Why we should all take back the night

The Sexual Assault Centre of Brantford hosted the Take Back the Night event on Sept 21 promoting women’s rights including a march for women, children, trans and non-binary individuals.  

The event was open to students and the Brantford community, and included activities such as a drumming circle, t-shirt and poster making, and a speaker explaining what Take Back the Night is.  

“This is the first year we’ve done it at Laurier and we brought it here because we are hoping to have a larger presence of university students. The highest rate of sexual violence happens while people are at university so I think it just makes sense then to make youth aware” said Terra Manuliak, Community Education and Outreach Coordinator at the Sexual Assault Centre.  

The name of the event was inspired by the negative attitudes that can be displayed towards women and the pre-cautionary actions that they may have to take.  

“I think that we are conditioned from a young age as women, people who identify as women or non-binary trans people … for example if it’s dark you’ve got your keys in your hand when going somewhere, or you’re told to walk in twos when leaving the university, and men don’t have that same narrative, that’s not how they grow up. So what this event is, is taking back that space and you know what? I shouldn’t have to feel unsafe when I’m out in the community” said Manuliak.  

Attendees included many parents who brought their children who participated in activities in a designated play area, all to help include their children and understand the issues that are important to them.  

“I’ve come to this event one time before and that was in my first year in University. I thought it was just a really important topic to talk about violence against women, the year I went they specifically talked about murdered and missing indigenous women which is a really big issue and has been for a while” said Annaleshia Jamieson, a mother of a 13-month-old son and doing a placement at the Sexual Assault Centre Brantford.  

When talking about her son, Jamieson believes that it is important for her to continue bringing her son to events such as Take Back the Night to help him better understand the issues in their community.  

“I mean he’s really young so I don’t know how much he takes in, but I think it’s something I want to keep bringing him to because I do want him to learn from it that it’s a problem and they do talk about a little bit about being a male ally… so that would be awesome for him to learn about and just violence against women and how it’s a problem too” said Jamieson.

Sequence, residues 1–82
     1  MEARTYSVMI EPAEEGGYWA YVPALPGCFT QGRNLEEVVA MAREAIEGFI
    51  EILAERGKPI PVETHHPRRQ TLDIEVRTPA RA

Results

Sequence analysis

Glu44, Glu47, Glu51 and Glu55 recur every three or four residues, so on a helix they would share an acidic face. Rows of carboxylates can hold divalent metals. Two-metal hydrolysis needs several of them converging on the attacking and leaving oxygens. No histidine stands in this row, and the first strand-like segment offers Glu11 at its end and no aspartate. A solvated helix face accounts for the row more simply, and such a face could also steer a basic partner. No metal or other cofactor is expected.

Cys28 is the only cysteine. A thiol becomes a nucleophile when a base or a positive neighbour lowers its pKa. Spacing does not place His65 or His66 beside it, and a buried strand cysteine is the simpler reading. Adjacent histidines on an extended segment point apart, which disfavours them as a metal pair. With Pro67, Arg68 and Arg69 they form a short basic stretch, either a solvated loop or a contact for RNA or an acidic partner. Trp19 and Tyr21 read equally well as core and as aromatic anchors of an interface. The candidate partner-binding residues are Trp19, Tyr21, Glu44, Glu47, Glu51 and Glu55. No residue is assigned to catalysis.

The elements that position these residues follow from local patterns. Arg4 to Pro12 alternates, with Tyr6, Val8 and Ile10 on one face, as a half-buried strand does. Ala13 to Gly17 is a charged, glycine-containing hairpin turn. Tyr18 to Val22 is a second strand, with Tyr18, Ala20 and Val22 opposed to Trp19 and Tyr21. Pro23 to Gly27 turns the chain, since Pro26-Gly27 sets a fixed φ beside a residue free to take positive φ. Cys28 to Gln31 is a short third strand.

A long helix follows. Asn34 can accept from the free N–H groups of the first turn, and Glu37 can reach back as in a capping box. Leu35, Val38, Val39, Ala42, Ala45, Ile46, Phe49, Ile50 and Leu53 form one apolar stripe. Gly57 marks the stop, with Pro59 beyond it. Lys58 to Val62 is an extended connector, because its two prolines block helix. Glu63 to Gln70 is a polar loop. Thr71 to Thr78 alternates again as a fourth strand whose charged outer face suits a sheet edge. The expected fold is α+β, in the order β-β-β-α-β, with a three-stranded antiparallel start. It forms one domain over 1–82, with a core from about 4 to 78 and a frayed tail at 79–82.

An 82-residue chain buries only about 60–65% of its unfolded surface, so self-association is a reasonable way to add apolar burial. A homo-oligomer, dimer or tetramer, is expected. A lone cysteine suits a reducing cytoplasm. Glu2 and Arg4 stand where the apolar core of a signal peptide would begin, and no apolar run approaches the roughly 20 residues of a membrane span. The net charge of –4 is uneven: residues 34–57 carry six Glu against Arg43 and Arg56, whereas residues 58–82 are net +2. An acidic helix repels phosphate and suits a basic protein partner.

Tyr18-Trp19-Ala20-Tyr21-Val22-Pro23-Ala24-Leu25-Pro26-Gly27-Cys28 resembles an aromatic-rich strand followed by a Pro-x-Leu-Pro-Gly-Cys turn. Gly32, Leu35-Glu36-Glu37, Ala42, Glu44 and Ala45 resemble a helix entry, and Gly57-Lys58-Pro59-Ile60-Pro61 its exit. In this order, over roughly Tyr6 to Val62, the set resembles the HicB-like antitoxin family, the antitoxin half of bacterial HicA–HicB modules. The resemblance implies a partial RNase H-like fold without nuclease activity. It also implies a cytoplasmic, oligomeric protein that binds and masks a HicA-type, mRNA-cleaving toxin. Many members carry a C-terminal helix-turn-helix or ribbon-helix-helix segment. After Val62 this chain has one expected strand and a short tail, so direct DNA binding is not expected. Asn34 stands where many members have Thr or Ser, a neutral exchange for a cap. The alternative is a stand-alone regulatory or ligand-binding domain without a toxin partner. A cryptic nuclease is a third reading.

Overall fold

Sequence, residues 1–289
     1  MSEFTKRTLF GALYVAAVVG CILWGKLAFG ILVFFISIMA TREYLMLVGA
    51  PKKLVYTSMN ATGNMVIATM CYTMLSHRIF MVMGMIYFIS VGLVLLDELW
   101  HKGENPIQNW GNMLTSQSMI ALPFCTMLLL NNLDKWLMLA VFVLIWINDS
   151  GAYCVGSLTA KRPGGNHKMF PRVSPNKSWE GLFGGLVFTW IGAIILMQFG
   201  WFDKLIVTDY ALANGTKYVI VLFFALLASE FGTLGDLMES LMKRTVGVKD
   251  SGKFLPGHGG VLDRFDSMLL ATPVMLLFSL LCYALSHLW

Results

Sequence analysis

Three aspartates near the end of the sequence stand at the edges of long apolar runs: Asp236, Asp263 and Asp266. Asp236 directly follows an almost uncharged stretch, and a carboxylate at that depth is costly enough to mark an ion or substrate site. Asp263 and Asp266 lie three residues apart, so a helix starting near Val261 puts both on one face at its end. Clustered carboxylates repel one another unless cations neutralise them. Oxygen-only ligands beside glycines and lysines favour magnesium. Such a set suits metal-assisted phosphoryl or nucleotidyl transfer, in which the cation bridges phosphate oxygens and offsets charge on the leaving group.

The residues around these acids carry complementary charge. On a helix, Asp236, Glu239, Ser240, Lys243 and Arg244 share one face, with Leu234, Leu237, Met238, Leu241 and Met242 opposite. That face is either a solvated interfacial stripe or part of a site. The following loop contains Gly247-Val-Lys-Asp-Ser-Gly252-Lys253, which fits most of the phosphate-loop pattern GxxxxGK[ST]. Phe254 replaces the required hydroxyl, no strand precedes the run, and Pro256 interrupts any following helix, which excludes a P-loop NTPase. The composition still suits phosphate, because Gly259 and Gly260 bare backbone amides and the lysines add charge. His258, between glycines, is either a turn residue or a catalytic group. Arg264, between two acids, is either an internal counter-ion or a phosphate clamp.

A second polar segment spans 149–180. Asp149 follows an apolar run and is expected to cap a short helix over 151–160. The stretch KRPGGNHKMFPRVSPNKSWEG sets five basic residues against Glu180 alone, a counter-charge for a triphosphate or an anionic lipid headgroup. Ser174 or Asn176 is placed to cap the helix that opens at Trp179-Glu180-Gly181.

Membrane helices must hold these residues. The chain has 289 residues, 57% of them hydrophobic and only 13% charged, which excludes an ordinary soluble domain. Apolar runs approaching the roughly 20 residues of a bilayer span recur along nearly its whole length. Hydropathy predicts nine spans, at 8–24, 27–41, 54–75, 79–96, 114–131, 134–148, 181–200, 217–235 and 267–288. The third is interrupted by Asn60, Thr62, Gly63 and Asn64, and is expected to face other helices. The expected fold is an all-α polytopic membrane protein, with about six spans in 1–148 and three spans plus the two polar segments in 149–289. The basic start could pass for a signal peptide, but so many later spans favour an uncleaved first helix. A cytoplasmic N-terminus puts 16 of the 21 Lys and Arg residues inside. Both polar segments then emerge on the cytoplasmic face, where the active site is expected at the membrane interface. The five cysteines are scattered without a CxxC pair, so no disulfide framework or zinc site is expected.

The event is devoted towards women, and therefore it may seem as men are not always welcome, but that is the not case according to Manuliak.  

What we hear a lot is that this is a women’s only event, which it’s not, and we get a push back from the men saying, ‘what about the men?’ ‘Why aren’t we allowed to attend?’ ‘I want to support women too.’ What I say is if you want to support women, come up with your own event and support women… What we’ve come up with is that if men really want to support us, then we want to provide space for them to do that… Its things like for men where they are told ‘man up’ and ‘grow some balls’ all those things that are just as harmful and problematic” said Manuliak.  

The Sexual Assault Centre is not the only one involved with Take Back the Night but also The Brave Committee, No More Project and Brantford Native Housing as well. Along with this event, The Sexual Assault Centre has other events this year to help with their projects.  

“…We have a run in May … It’s really our only major fundraiser, so it’s a pretty important event to us because we are really underfunded, we do a lot for the community. All the money from the fundraiser goes to counselling hours, so every dollar made goes right back into having counselling for clients” said Manuliak.  

As an event that is running at Laurier for the first time. it was displayed for students to understand the sexual assaults that can happen around campus.  

“It’s important to students because, if were talking about violence against women, that’s a huge problem on college campuses against women especially around Frosh week, sexual assaults happening in dorm rooms all over campus. I just think its something that should be important to everyone” said Jamieson.  

 Photo c/o Vivian Yan







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